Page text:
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The nation’s peak medical body is seeking changes to the way the scientific panel advising the government on vaccine safety makes and communicates crucial decisions amid a political storm over whether Prime Minister Scott Morrison has tried to pressure the group.
The Australian Medical Association wants greater transparency around the independent technical group’s recommendations on who should take COVID-19 vaccines from AstraZeneca, Pfizer and others, reflecting concerns it needs to hear more views from general practitioners working in the community.
Prime Minister Scott Morrison wants a review of the scientific advice on AstraZeneca given the changing balance of risks.Credit:Alex Ellinghausen
AMA vice-president Chris Moy praised the Australian Technical Advisory Group on Immunisation (ATAGI) members but said it was reasonable for stakeholders, including Mr Morrison and medical groups, to make suggestions about the way the group worked.
Labor has accused Mr Morrison of pressuring the group after he said on Wednesday he had made a “constant appeal” to ATAGI to reconsider its stance on AstraZeneca in light of a changing balance of infection risks.
ATAGI has been advising governments since 1998 on technical issues about which vaccines should be on required lists, such as the National Immunisation Program Schedule, and for which age groups.
But it has been thrust to the forefront of the fight against COVID-19 with statements that are sometimes posted without notice on a federal government website or communicated by Mr Morrison at evening press conferences.
On April 8, at a press conference held at 7.15pm, the Prime Minister announced ATAGI believed the risk of a rare blood clot condition meant Pfizer should be the preferred vaccine for people under 50. The expert group went further on June 17, saying Pfizer was preferred for people under 60.
Mr Morrison, who has expressed his frustration with the group for weeks, on Thursday defended his questioning of ATAGI’s advice in the face of the Labor attacks.
“It is my job as Prime Minister not just to simply accept advice uncritically,” he said.
“Of course I challenge the advice that I receive. I ask questions. I drill into it. You would expect me to do that. I think Australians would not expect me to just take this advice simply on the face of it. We must interrogate it.”
Mr Morrison argued the “balance of risk” had shifted since the April and June decisions because of rising COVID-19 case numbers and the greater threat of infection among people, especially in older age groups, who had decided against vaccination because of the ATAGI advice.
“Those people are now at risk in south-western Sydney in particular, but more broadly across Sydney, and I need AstraZeneca vaccines in their arms to protect them and their lives,” he said.
While Australia’s imports of Pfizer’s COVID-19 vaccine are ramping up, it currently has more stock of AstraZeneca, which is being manufactured by CSL in Melbourne.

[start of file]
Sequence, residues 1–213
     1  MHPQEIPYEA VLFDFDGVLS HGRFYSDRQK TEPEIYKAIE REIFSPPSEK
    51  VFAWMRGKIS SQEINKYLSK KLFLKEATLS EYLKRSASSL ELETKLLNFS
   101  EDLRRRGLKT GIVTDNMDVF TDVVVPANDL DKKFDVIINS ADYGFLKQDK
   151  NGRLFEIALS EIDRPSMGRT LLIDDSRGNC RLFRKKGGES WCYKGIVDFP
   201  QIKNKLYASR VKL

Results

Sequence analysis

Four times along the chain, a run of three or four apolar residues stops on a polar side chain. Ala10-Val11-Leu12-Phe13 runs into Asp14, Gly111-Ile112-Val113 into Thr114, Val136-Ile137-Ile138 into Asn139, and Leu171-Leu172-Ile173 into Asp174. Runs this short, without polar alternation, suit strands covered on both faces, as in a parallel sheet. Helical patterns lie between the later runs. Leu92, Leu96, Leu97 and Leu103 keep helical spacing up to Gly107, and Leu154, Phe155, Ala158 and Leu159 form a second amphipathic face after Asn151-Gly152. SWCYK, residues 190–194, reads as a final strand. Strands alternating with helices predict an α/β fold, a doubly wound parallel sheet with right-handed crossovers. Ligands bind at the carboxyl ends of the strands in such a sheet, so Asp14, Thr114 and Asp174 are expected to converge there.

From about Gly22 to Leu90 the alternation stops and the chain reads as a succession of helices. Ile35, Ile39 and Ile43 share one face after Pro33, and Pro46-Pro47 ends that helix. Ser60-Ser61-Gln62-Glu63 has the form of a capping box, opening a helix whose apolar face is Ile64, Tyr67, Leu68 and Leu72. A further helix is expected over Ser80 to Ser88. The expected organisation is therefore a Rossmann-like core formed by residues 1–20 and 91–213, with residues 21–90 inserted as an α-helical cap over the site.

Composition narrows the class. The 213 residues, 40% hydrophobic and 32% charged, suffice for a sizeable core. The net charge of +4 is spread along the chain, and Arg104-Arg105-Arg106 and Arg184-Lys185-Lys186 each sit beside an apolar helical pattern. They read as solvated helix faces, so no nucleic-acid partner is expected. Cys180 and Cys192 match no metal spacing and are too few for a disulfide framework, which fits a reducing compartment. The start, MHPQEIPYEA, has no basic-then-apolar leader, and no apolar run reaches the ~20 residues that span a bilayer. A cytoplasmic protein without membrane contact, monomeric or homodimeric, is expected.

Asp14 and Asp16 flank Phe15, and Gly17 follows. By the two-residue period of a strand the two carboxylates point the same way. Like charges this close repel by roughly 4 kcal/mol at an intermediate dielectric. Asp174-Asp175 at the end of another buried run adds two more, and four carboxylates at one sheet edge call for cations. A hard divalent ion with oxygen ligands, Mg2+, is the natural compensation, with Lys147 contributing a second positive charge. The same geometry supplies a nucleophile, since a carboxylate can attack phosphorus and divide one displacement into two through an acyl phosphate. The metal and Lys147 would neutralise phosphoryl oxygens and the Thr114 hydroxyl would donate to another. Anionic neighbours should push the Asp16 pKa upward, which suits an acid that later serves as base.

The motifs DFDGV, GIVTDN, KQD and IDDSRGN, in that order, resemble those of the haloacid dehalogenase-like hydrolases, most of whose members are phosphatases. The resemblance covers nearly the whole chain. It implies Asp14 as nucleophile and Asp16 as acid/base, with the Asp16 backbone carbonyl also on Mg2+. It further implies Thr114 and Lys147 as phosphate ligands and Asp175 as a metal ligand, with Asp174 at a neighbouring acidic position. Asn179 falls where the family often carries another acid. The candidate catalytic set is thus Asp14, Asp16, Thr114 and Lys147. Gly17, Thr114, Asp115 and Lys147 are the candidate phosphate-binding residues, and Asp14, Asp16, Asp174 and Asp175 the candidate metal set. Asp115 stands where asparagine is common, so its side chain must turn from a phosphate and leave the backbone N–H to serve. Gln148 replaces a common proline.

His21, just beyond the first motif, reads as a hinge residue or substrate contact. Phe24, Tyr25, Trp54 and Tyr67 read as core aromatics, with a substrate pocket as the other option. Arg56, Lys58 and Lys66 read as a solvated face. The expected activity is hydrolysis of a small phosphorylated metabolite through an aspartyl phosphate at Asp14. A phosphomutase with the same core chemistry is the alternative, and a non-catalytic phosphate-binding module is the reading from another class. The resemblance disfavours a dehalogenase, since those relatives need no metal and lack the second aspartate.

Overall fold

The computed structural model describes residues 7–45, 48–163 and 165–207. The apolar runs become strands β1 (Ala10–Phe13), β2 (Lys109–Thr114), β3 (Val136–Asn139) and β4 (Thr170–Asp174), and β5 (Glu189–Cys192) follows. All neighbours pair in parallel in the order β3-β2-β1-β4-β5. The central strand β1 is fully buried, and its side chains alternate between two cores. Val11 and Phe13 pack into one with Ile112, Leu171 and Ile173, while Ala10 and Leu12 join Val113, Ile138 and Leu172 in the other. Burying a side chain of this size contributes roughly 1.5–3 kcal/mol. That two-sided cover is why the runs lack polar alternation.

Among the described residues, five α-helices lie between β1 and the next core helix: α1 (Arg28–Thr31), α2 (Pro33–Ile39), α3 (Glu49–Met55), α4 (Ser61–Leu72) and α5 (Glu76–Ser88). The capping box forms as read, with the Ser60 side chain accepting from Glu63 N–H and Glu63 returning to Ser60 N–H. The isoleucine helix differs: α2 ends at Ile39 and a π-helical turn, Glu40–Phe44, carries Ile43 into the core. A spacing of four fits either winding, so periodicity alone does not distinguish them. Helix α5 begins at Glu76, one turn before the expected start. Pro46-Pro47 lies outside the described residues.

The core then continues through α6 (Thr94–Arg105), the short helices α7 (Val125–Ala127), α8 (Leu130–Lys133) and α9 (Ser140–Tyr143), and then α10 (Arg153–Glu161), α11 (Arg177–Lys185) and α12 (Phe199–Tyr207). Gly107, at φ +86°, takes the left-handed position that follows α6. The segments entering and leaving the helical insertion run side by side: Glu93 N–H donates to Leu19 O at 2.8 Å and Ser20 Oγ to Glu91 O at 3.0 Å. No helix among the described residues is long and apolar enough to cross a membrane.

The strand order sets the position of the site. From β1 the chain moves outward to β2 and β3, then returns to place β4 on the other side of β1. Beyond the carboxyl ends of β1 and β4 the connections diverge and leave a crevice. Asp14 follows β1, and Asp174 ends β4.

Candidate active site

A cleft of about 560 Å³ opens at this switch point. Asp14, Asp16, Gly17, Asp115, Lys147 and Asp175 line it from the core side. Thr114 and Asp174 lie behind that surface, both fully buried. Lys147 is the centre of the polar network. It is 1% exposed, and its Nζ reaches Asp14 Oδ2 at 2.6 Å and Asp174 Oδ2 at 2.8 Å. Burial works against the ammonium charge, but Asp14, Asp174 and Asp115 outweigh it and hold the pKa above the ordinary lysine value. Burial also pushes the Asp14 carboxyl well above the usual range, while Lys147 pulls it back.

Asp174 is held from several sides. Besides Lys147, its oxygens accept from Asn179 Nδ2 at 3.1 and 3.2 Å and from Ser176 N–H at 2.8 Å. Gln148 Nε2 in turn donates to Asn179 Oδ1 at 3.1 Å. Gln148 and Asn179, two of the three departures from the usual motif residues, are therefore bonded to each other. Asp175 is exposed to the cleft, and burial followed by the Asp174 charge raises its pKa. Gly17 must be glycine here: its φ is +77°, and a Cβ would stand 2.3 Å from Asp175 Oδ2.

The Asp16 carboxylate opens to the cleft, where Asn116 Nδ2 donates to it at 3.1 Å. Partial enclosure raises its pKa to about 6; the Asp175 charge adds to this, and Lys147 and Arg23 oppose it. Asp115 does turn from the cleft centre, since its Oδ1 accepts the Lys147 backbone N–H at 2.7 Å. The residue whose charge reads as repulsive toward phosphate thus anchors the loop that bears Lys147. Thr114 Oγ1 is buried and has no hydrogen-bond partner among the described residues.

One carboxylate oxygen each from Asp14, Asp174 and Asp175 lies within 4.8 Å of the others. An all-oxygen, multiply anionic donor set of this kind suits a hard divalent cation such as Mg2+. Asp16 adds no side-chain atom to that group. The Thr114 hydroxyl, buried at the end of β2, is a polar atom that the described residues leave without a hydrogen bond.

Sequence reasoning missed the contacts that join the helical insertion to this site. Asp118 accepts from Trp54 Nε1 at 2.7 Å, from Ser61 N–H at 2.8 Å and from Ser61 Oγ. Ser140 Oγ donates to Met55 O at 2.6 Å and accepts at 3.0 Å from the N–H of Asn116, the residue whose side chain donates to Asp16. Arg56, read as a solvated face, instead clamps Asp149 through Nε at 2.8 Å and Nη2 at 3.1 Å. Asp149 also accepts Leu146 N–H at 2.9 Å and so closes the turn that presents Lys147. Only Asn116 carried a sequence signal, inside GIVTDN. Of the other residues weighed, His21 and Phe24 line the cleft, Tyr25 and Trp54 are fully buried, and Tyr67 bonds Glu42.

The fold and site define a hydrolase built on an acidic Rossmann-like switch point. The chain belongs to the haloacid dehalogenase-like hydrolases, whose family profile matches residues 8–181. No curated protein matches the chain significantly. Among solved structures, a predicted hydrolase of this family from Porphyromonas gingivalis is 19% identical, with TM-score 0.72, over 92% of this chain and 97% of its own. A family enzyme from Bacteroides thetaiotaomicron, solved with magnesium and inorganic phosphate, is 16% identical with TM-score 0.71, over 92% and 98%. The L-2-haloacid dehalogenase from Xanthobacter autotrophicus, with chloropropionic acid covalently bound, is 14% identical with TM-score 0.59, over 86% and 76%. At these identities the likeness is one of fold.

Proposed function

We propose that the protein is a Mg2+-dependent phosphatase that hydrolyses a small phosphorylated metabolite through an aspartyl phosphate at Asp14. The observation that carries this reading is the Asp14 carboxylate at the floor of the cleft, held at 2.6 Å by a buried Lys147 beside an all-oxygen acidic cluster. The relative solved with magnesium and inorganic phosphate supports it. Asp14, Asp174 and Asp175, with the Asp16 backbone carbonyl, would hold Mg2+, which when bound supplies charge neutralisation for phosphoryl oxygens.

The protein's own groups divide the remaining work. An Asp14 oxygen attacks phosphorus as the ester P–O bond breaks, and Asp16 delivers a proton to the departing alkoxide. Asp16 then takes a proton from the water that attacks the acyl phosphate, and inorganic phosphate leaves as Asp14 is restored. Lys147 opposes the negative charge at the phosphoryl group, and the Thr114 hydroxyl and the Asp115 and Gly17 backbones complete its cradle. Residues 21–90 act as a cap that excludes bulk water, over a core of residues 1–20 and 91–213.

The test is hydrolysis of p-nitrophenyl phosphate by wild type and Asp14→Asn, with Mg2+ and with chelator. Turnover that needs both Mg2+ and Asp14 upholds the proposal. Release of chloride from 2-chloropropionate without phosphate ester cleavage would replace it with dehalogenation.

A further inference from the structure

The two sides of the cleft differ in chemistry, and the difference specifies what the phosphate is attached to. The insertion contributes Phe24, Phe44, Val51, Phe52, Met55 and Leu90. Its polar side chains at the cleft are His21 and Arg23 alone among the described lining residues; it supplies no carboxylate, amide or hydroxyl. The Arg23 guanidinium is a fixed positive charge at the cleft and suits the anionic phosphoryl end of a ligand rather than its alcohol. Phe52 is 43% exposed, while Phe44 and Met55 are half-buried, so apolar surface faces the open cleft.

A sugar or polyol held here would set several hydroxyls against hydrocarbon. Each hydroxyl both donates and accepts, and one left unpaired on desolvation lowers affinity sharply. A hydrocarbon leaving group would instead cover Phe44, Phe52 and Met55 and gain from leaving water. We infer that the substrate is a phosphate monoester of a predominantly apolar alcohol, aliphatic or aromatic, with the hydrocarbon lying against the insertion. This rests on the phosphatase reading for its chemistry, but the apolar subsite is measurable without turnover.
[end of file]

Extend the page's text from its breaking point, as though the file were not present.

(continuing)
Dr Moy said the AMA would propose changes to ATAGI so there was more transparency around its decision making and improvements in the way it communicated its advice.
“We’re always offering suggestions to help improve the functioning of any committee,” Dr Moy said.
“I think it’s absolutely reasonable for the Prime Minister to be able to do that. Every stakeholder should be able to do that.
“But if it is construed that you’re trying to influence an independent committee, that’s where you have a problem.”
Asked if he believed Mr Morrison did create such a problem, Dr Moy said: “I think that would have been easily construed by some.”
Stephen Duckett, a former Health Department secretary who now heads the Grattan Institute’s health program, said poor communication around the changes to ATAGI’s advice had undermined the AstraZeneca vaccine and the advisory group.
In normal times, the group’s work was not at all political, Dr Duckett said.
But decisions that balanced risks were necessarily political calls, unlike a straight epidemiological decision based on evidence about a vaccine’s side effects. Because of this, he said it wasn’t unreasonable for Mr Morrison to ask the group to re-examine its advice.
“The advice process and the announcement process, I think contributed a lot to the undermining of confidence in AstraZeneca,” Dr Duckett said.
University of Sydney vaccination communication expert Julie Leask said ATAGI had provided leeway in its statements – saying Pfizer should be the preferred vaccine for under-60s rather than banning AstraZeneca – but this flexibility had either gone unnoticed or been miscommunicated.
“The communication has been wanting all the way along, such that when people were told by the PM that it would okay to have it under 40, everyone was shocked as if it was a reversing of the recommendation,” Professor Leask told ABC’s Radio National. “I think in retrospect that should have been picked up on and the communication around that, the leeway they were giving made clear.”
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